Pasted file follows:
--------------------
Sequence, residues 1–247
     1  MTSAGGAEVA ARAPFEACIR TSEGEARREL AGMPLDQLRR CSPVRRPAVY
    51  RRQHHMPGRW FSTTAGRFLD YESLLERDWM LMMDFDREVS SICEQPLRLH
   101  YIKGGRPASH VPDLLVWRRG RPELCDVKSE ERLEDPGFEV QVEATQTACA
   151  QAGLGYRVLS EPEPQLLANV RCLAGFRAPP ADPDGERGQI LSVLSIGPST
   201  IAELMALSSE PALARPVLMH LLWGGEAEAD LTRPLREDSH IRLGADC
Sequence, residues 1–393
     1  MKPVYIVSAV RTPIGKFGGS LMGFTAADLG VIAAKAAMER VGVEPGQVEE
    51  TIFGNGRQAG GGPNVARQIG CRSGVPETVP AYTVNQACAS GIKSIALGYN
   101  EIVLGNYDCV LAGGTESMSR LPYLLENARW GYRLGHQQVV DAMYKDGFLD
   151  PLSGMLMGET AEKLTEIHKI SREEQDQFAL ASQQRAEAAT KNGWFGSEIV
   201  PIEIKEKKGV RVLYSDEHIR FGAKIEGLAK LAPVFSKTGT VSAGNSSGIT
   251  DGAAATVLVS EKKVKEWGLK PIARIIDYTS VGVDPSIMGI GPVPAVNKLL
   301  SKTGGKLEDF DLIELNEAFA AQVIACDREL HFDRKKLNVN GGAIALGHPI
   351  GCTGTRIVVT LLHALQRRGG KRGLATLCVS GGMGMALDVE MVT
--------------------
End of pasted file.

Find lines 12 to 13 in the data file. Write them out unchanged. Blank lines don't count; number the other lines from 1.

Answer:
   201  PIEIKEKKGV RVLYSDEHIR FGAKIEGLAK LAPVFSKTGT VSAGNSSGIT
   251  DGAAATVLVS EKKVKEWGLK PIARIIDYTS VGVDPSIMGI GPVPAVNKLL